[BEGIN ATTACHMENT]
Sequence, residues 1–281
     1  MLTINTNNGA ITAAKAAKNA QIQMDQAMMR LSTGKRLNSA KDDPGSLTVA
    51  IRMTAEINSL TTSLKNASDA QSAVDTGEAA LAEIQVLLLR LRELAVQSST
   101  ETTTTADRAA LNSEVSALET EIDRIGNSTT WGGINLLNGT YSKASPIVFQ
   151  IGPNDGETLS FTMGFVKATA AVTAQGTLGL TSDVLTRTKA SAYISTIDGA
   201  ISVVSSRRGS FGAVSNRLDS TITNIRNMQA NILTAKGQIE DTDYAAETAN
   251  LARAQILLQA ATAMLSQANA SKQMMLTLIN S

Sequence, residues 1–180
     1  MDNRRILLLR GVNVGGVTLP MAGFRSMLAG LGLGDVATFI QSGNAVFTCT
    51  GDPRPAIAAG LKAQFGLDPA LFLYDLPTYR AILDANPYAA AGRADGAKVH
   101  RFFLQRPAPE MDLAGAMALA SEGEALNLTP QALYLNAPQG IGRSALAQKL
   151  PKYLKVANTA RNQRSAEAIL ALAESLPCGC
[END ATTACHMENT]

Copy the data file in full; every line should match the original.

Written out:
Sequence, residues 1–281
     1  MLTINTNNGA ITAAKAAKNA QIQMDQAMMR LSTGKRLNSA KDDPGSLTVA
    51  IRMTAEINSL TTSLKNASDA QSAVDTGEAA LAEIQVLLLR LRELAVQSST
   101  ETTTTADRAA LNSEVSALET EIDRIGNSTT WGGINLLNGT YSKASPIVFQ
   151  IGPNDGETLS FTMGFVKATA AVTAQGTLGL TSDVLTRTKA SAYISTIDGA
   201  ISVVSSRRGS FGAVSNRLDS TITNIRNMQA NILTAKGQIE DTDYAAETAN
   251  LARAQILLQA ATAMLSQANA SKQMMLTLIN S

Sequence, residues 1–180
     1  MDNRRILLLR GVNVGGVTLP MAGFRSMLAG LGLGDVATFI QSGNAVFTCT
    51  GDPRPAIAAG LKAQFGLDPA LFLYDLPTYR AILDANPYAA AGRADGAKVH
   101  RFFLQRPAPE MDLAGAMALA SEGEALNLTP QALYLNAPQG IGRSALAQKL
   151  PKYLKVANTA RNQRSAEAIL ALAESLPCGC